Fourth of July duds: Coarse in­sen­si­tiv­ity and hearty ap­plause

Austin American-Statesman - - OPINION - KAren Gross lO­CAl CON­TRIb­u­TOR gross is adl austin Com­mu­nity di­rec­tor for the anti-defama­tion league, www.adl.org.

There are rights and there are wrongs. This past Fourth of July, I joined some friends at a hol­i­day gath­er­ing. The event fea­tured friendly com­pe­ti­tions, in­clud­ing a cos­tume con­test. By al­most all ac­counts, the gath­er­ing was a com­plete suc­cess. Ex­cept for the last-minute en­try of team “Aryans.” These two peo­ple, dressed in Nazi mil­i­tary uni­form cos­tumes, sported swastikas on their arms clev­erly fash­ioned to match the party’s theme.

My friends and I were shocked at the ca­sual dis­play of such his­tor­i­cally of­fen­sive sym­bols that rep­re­sent the murder of 11 mil­lion and the geno­cide of a peo­ple. Sym­bols have mean­ings, and they con­vey mes­sages.

Re­gard­less of what these two in­tended, the sym­bols they pa­raded were much larger and pointed and con­veyed mean­ings and mes­sages they could nei­ther con­trol nor redi­rect. They were of­fen­sive, hurt­ful and scary.

Un­for­tu­nately, their ap­pear­ance did not seem to have the same ef­fect on many of the folks in the crowd as it did on me. Af­ter I had left the gath­er­ing, the oth­ers — through crowd ap­plause — awarded the two peo­ple the best cos­tume prize.

In the hours and days that fol­lowed, the or­ga­niz­ers of what was in­tended to be a fam­ily-friendly gath­er­ing com­mu­ni­cated their sin­cere apolo­gies for not act­ing in the moment to ad­dress the sit­u­a­tion. They asked the An­tiDefama­tion League for as­sis­tance in draft­ing right of re­fusal lan­guage that will help them avoid this type of in­ci­dent in the fu­ture. For this proac­tive ap­proach and sin­cere ef­fort, we ap­plaud them. Lessons were learned for many of those in­volved in this un­for­tu­nate turn of events.

What leaves me sad­dened is the re­al­iza­tion that in this bas­tion of en­light­ened val­ues we call home, two peo­ple act­ing so of­fen­sively were hon­ored rather than be­ing booed off the stage. On July 4, we cel­e­brate our in­de­pen­dence and all of the hard-earned free­doms that fol­lowed. Thanks to the First Amend­ment, we have a le­gal right to ex­press our­selves as we wish, even if many in the com­mu­nity find that ex­pres­sion of­fen­sive. But, as a com­mu­nity, we have a re­spon­si­bil­ity to rec­og­nize the dif­fer­ence be­tween what is le­gal and il­le­gal and what is right and wrong.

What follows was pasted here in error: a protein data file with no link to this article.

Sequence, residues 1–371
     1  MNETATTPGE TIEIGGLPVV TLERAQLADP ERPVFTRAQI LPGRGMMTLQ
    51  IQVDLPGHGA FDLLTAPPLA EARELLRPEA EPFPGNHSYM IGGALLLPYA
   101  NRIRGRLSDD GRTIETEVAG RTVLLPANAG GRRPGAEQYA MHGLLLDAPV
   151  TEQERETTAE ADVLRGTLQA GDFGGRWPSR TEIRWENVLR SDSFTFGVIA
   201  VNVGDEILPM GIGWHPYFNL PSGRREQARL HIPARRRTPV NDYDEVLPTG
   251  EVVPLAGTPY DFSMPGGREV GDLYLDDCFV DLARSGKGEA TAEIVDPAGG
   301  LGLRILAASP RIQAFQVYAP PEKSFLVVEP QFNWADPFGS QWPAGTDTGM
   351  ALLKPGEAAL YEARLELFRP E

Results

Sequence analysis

Austin should not be OK with this type of in­sen­si­tive ex­ploita­tion of a se­ri­ous event in our re­cent his­tory. Those two peo­ple should have been called down, rather than up­lifted and awarded a prize. Are we so de­sen­si­tized? Is it an is­sue of ig­no­rance? Have we lost the abil­ity to walk in each other’s shoes?

The two peo­ple apol­o­gized for of­fend­ing, and I do not be­lieve they had ill in­tent. But as a com­mu­nity, let us step up and hold one an­other ac­count­able when this type of in­sen­si­tiv­ity rears its head. Just be­cause we have the right to do some­thing wrong does not mean we should ex­er­cise it. Austin should be no place for hate.

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